By Julie McCulloch
ASCL Director of Policy
The role that school and college leaders, teachers and support staff play in our society is crucial. They shape the lives and futures of children and young people directly through the work they do, but also indirectly through the people they are. They are a daily representation of the adult world we are preparing young people to enter.
Few jobs offer such a tangible opportunity to model to young people what they might aspire to do and be. But what do our pupils see, when they look at the adults standing at the front of the classroom, or on the stage during assembly, or walking the corridors at lunchtime?
For too many children and young people, what they see in front of them is very different from what they see when they look in the mirror. What does a 14-year-old girl, for example, take from the fact that, while around two thirds of her teachers are female, only around a third of secondary heads are women? What message are we giving to the third of school-age students who come from an ethnic minority background when they see that only 15% of teachers come from similar backgrounds, and only 7% of heads? Are we doing enough to support teachers and leaders to be open about their own sexual orientation – if they wish to be?
ASCL has been involved in discussions and actions around equality, diversity and inclusion (EDI) in school and college leadership for many years. We’ve worked with grassroots organisations supporting women, BAME or LGBT leaders. We’ve organised and attended EDI workshops at the Department for Education, and signed up to the DfE’s ‘statement of intent
’ on improving the diversity of the teaching workforce. And of course, as a trade union, we’ve supported members to tackle discrimination and unfair treatment.
The situation is improving – but not quickly enough. Research
from the University of Nottingham suggests that, at the current rate of progress, women will remain under-represented among secondary heads for another 20 years. The number of BAME leaders is slowly growing, but the slope to genuine representation is vertiginous. And too many barriers remain for LGBT teachers wishing to progress into leadership roles.
There are no easy answers. But there is more, we believe, that we can do. This year, ASCL is putting a particular focus on what we can and should do, as a trade union and professional association, to promote equality, diversity and inclusion among school and college leaders. We are concentrating in first instance on the protected characteristics of sex, race and sexual orientation, but hope that this work will also have wider resonance.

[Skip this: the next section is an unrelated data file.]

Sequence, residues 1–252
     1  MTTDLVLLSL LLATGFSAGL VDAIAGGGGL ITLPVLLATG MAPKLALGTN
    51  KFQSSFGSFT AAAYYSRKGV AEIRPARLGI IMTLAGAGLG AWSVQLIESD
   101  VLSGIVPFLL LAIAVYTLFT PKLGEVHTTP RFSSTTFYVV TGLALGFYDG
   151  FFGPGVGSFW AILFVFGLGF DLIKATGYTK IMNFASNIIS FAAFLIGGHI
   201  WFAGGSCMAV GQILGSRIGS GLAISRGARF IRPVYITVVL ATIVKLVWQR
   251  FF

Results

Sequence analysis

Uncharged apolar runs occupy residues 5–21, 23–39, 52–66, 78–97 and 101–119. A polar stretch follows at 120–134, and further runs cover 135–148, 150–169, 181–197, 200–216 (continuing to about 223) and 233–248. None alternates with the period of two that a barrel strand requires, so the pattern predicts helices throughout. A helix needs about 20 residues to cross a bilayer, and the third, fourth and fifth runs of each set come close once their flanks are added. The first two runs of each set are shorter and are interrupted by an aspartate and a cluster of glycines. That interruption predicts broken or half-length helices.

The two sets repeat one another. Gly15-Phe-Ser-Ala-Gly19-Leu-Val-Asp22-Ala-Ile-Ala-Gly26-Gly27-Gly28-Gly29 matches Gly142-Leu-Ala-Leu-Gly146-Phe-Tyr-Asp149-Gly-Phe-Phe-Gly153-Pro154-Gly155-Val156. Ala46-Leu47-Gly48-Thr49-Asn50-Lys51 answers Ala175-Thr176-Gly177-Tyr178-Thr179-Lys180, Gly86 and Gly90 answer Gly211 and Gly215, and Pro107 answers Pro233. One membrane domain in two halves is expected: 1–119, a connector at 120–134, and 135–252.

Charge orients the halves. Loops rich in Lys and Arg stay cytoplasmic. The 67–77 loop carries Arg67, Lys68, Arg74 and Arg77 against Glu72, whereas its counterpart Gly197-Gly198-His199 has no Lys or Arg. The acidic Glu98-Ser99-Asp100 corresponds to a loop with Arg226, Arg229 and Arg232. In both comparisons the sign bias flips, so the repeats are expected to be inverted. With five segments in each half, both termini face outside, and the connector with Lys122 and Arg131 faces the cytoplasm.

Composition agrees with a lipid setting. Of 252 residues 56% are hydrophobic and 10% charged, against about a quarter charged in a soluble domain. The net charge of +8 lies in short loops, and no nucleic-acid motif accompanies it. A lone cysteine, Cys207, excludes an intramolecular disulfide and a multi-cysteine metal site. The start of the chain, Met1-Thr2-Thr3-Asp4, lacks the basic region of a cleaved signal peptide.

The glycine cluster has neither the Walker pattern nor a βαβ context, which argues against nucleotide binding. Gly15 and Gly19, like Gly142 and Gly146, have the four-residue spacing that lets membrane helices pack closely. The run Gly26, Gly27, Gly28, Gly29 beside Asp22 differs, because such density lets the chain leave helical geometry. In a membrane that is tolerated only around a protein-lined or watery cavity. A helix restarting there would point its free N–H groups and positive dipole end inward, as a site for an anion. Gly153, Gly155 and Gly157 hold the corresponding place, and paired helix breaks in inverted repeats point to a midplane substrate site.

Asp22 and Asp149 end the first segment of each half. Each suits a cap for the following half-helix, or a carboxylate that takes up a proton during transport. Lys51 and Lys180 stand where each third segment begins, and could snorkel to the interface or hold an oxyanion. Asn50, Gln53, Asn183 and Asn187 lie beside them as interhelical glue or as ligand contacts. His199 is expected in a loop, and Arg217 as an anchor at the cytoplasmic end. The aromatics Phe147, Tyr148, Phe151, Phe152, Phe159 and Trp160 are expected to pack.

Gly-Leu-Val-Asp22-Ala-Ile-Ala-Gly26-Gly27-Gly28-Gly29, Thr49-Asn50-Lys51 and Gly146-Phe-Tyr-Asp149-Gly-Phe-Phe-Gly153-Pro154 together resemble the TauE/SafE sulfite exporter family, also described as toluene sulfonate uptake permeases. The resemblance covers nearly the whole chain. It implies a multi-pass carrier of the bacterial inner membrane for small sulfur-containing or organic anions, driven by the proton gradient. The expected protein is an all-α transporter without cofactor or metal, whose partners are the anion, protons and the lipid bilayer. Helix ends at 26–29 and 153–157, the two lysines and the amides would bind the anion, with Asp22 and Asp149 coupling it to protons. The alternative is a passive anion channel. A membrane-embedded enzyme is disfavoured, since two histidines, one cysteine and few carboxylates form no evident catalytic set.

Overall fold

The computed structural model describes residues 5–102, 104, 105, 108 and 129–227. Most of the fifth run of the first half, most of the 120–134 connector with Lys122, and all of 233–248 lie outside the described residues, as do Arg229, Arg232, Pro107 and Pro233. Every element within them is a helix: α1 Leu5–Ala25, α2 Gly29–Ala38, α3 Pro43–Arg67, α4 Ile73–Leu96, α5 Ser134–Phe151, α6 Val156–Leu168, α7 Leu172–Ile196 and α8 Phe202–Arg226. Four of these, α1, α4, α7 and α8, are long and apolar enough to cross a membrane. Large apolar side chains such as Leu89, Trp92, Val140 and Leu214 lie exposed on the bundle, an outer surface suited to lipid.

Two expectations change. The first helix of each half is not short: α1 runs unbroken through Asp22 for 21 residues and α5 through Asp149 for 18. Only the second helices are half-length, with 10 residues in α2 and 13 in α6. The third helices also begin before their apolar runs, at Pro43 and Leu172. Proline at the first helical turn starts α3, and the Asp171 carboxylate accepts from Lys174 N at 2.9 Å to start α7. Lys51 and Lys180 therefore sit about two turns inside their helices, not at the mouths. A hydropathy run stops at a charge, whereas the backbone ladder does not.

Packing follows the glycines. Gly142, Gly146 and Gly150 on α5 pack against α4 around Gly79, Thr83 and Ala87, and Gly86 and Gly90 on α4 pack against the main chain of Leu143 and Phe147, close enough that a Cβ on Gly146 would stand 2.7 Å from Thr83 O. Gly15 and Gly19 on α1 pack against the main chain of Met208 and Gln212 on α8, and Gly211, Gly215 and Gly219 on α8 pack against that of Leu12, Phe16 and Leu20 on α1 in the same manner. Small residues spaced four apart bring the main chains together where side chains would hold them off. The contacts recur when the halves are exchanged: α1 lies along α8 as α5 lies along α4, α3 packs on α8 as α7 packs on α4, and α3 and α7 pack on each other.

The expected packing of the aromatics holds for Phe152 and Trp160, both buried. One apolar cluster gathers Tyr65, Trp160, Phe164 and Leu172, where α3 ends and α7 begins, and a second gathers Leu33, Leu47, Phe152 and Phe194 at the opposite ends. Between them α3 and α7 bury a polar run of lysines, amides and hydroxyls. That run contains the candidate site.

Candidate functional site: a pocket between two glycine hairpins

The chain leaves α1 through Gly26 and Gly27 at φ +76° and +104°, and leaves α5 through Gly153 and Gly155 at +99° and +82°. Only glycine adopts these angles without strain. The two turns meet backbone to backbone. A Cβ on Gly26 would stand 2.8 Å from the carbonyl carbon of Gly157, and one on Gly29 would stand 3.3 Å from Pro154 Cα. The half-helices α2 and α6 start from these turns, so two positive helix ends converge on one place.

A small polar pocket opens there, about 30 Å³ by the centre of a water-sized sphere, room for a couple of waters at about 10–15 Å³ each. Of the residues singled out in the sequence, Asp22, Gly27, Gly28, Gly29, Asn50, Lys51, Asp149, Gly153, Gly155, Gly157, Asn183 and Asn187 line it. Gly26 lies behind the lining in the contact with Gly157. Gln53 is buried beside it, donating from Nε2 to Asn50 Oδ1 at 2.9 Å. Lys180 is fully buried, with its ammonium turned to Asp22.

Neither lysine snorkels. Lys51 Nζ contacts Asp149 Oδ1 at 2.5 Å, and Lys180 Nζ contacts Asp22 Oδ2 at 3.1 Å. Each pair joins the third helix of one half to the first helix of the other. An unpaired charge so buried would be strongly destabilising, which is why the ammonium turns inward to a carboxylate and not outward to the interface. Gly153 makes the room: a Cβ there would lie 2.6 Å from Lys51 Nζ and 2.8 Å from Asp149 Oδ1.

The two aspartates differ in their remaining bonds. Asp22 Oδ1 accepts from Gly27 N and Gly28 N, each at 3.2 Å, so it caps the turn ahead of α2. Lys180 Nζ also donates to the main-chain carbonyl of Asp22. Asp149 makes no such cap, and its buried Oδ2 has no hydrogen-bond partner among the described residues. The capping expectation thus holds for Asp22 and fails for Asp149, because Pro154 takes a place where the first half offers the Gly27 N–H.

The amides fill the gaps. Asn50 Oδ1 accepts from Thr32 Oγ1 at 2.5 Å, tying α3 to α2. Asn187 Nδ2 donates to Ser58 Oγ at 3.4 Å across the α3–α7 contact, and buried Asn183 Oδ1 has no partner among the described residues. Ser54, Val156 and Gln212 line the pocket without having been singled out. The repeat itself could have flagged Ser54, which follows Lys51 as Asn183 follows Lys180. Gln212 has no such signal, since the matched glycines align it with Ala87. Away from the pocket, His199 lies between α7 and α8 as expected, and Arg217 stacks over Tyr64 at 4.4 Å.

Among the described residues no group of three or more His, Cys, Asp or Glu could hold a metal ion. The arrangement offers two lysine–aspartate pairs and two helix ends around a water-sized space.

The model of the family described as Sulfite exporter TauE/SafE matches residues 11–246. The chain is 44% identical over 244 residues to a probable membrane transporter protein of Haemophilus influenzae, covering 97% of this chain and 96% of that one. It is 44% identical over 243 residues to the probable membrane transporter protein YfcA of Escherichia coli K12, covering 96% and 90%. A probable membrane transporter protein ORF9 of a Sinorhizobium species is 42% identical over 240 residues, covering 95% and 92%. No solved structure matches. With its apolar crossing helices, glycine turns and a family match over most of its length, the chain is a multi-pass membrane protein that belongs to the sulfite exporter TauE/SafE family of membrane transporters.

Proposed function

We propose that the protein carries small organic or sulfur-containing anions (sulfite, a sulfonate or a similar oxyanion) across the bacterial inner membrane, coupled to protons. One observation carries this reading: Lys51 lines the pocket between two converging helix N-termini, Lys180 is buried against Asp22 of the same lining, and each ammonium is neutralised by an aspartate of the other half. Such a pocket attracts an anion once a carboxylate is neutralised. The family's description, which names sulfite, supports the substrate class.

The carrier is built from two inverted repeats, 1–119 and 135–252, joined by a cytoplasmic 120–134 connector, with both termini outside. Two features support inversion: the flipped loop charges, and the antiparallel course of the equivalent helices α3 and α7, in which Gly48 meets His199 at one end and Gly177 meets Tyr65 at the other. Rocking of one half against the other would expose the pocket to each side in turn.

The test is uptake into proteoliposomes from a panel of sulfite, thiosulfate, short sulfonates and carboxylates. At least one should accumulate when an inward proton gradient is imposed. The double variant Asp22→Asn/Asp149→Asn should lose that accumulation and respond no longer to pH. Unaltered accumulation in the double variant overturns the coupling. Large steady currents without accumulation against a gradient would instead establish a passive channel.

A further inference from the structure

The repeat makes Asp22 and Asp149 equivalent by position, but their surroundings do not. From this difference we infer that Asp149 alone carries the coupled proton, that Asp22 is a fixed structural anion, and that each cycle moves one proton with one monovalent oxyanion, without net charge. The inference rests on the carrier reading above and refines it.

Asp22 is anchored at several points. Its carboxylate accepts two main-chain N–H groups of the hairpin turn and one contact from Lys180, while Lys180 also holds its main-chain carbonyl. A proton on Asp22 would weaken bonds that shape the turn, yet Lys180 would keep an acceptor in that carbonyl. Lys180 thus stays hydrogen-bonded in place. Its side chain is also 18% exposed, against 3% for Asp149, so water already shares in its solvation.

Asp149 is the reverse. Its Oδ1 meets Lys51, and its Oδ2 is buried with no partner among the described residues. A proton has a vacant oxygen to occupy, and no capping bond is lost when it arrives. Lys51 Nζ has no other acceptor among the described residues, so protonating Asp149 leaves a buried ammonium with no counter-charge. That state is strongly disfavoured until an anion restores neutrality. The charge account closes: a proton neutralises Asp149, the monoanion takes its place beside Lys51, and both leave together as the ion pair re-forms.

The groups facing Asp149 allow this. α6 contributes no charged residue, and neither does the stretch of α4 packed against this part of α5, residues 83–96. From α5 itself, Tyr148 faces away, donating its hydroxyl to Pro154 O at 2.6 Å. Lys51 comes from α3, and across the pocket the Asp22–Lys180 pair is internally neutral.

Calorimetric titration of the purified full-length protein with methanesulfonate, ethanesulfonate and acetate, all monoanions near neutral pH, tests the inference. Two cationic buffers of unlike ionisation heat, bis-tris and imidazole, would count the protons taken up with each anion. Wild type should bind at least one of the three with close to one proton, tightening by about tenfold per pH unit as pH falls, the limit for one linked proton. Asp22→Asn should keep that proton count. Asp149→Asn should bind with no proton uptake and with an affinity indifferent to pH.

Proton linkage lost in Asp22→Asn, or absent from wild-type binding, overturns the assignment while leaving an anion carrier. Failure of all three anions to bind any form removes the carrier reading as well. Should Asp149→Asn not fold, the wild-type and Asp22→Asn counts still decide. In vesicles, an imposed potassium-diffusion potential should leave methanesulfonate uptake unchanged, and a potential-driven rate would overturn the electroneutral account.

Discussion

Diverse leadership is the key theme of our 2019/20 President, Rachael Warwick, and of our 2020 Annual Conference
. The conference will bring together a brilliant range of keynote speakers, including England rugby world cup winner and commentator Maggie Alphonsi, poet and broadcaster Lemn Sissay, and senior firefighter Dr Sabrina Cohen-Hatton. And we are working with partner organisations on a set of workshops covering topics such as workplace culture, flexible working, empowered leadership and resilience.
Outside of the conference, we are looking at other ways in which we can encourage and promote diverse leadership. We’re producing guidance for school and college leaders on topics such as best practice recruitment, creating an inclusive workplace culture, and identifying and nurturing talented people from under-represented groups into leadership. We’re developing training, coaching and mentoring for and about diverse leaders. We’re collecting and sharing case studies of people working flexibly in leadership roles.
And we’re trying to do all of this in a spirit of humility, recognising that ASCL as an organisation has by no means got all of this right. The briefest of looks at our Leadership Group, or our Council members, shows that we have a long way to go to achieve the diverse leadership and governance within in our own organisation that we want to see across the system. Our EDI plan
also includes a range of actions that we will be taking ourselves to address this – to walk the walk, as well as talk the talk.
We’ve been hugely heartened by the response to this work as we’ve started to talk about it over the last few months. We believe we’re pushing at an open door, albeit one that’s pretty damned heavy. Collectively, we think we can push that door open, create new opportunities for talented people to take on the mantle of school leadership, and show every child or young person what they could achieve.